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Toulousain Chess

Important notice

Toulousain chess, invented by Jean-Louis Cazaux (2003), had an entry an entry in D.B. Pritchard's book "The Classified Encyclopedia of Chess Variants" (2007). This game was a predecessor of Metamachy proposed by J.L. Cazaux in 2012 and which has replaced it.

This game is a chess variant on a red and black 12 x 12 board with 12 types of different pieces.


The white King is placed on the center of the second row on a black square, the black King beeing on a white (or red) square. The Queen is placed beside of the King in the center. The Gryphon is at King's side and the Lion is at Queen's side.

There are:

  • 3 Supreme pieces, 1 of each: Queen, Gryphon, Lion with about the same value
  • 6 Major pieces, 2 of each: Rook, Cannon, Bishop, Elephant, Knight and Camel
  • 12 Pawns (augmented to take into account the large size of the board) and 8 Corporals.


King, Queen, Bishop, Knight and Rook are orthodox.

  • Pawn: the Pawn is almost similar to FIDE Chess. There are two differences:
    It can advance one or two square from ANY position on the board. It allows the Pawn to reach the opposite side in 5 steps which is comparable to Orthodox Chess.
    However, its capturing move is unchanged: one square diagonally forward. As a consequence, the en-passant capture is possible every time an opposite Pawn (or Corporal) has advanced two square.
    When the Pawn reaches the last row it can promote to one of the three major pieces: Queen, Lion or Gryphon.

  • Corporal: the Corporal is an improved Pawn:
    It can advance one or two square from any position on the board and its capturing move is one square diagonally forward.
    The improvement is that the Corporal can also advance 1 step diagonally forward. (So, with or without capturing).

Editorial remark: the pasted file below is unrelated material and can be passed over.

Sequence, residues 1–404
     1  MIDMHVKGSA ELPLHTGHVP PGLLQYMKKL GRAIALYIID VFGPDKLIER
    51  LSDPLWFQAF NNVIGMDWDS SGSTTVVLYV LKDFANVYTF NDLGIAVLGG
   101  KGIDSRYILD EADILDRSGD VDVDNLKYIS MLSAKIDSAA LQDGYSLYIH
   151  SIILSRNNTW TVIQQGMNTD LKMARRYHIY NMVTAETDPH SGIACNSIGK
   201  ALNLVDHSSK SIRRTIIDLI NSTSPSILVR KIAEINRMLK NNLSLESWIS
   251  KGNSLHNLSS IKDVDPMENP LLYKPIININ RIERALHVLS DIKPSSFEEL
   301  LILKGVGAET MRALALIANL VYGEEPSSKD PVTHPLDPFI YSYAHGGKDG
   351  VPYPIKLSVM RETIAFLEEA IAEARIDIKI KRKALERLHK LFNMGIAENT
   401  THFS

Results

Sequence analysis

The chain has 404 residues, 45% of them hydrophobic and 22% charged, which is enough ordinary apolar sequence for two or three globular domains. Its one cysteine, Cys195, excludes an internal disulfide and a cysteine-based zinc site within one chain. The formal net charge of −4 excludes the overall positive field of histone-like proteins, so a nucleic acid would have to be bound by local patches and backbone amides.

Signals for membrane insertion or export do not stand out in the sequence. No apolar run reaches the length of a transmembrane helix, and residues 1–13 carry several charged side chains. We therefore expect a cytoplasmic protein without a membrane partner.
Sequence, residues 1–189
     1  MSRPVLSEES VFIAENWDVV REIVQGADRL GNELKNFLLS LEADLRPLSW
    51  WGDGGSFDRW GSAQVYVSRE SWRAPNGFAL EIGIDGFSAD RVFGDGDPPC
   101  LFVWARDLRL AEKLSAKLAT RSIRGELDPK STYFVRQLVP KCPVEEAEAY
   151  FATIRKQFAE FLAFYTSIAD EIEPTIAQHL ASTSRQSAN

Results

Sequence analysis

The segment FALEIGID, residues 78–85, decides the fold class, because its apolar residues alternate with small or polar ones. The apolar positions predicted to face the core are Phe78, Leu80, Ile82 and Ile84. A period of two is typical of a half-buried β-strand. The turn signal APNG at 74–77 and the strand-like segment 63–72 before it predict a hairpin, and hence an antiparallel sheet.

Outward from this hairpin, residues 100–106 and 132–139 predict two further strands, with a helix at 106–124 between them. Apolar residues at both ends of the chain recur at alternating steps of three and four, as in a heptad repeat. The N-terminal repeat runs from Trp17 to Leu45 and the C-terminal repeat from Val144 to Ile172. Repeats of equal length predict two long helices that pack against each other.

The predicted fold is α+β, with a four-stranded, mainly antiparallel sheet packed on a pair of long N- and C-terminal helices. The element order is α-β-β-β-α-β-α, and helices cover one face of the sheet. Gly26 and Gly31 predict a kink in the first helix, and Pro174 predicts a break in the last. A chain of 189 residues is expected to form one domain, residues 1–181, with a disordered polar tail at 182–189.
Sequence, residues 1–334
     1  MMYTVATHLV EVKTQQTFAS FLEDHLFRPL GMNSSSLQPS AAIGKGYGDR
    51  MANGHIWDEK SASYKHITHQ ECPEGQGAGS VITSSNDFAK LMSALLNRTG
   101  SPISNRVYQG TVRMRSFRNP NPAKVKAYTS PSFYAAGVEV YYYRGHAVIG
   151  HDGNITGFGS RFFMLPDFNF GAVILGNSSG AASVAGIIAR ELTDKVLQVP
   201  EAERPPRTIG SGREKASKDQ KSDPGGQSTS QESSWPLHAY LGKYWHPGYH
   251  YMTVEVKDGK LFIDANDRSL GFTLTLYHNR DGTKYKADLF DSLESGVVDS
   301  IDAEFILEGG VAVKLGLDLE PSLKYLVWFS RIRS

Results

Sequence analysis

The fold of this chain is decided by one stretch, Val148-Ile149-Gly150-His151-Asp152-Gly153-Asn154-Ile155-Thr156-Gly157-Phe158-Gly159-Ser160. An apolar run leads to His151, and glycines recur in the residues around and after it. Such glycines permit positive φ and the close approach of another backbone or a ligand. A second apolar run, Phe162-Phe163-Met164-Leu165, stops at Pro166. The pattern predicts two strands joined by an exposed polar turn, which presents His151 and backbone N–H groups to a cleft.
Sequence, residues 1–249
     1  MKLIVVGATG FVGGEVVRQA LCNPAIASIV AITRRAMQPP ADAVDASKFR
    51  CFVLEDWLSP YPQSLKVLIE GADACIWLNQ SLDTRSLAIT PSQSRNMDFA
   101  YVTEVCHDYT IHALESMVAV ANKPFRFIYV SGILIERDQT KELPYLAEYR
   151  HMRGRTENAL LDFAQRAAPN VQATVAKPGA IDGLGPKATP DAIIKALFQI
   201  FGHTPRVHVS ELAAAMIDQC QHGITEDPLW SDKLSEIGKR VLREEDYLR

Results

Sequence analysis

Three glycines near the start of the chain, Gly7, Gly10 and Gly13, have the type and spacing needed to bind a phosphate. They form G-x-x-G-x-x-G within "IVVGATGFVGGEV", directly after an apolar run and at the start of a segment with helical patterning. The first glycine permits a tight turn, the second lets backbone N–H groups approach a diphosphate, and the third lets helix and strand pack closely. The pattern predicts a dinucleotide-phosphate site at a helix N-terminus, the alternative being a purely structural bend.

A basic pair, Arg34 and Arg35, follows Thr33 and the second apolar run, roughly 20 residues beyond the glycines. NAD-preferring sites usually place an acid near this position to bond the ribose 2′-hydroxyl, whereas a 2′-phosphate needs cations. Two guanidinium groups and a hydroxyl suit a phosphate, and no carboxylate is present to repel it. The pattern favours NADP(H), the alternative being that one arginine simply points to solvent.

The Corporal can take en-passant every time an opposite Pawn or Corporal has advanced two squares.
    When the Corporal reaches the last row it promotes to one of the three major pieces: Queen, Lion or Gryphon.

  • Lion: the Lion is inspired (although with some simplification) by Chu Shogi, the most popular variant of the Japanese Chess. This game is also played on a 12 x 12 board and was mentioned as long ago as the twelfth century. In this game, the Lion may move as a King (a squares away, jumping in any orthogonal or diagonal direction, or alternatively jumping as a Knight in Western Chess. (Then this Lion has the same range but is more restricted than the Lion in Chu Shogi which can move 2 times in a turn).

  • Gryphon: this piece comes from the Grande Acedrex, which is described in one of the very first game books in Western Europe appeared in 1283, under `editorship' of the Spanish King Alphonso X. The Gryphon moves one square diagonal, followed by an arbitrary number of squares horizontal or vertical. It is authorized to go only one square diagonal. It may not jump over other pieces, and the unobstructed path must start with the diagonal movement.

  • Camel: a well known piece since medieval muslim great chess like Tamerlane's Chess. It jumps to the opposite case of a 2x4 rectangle, like an extended Knight. No matter what intermediate cases contain. Note that it always stays on the same color of square.

  • Cannon: borrowed from Xiang-Qi, the Chinese Chess. It moves like a Rook and needs an intermediate piece between itself and its victim to capture it. The Cannon jumps the intermediate and takes the victim on its square. The intermediate is left unaffected.

  • Elephant: it is a modern extension of the Elephant found in Shatranj. It moves 1 or 2 cases diagonally. It can jump over the first case if it is occupied. This form is also used in other games from the same author like Shako and Tamerlane II.


Castling: the King may 'castle' with the Rook if neither the Rook nor King has moved yet and there is nothing in between them. In castling the King slides 3 squares to the Rook and the Rook leaps to the far side of the King. You may not castle out of or through check, or if the King or Rook involved has previously moved

End of Game: Victory is obtained when the opposite King is checkmated.

All rules are as in orthodox Chess unless stated otherwise.


Toulousain Chess was the successor of Perfect 12.

This game is dedicated to Toulouse, the city of South-West of France.

Written by Jean-Louis Cazaux.

WWW page created: 2003-07-09
WWW page updated: 2021-01-17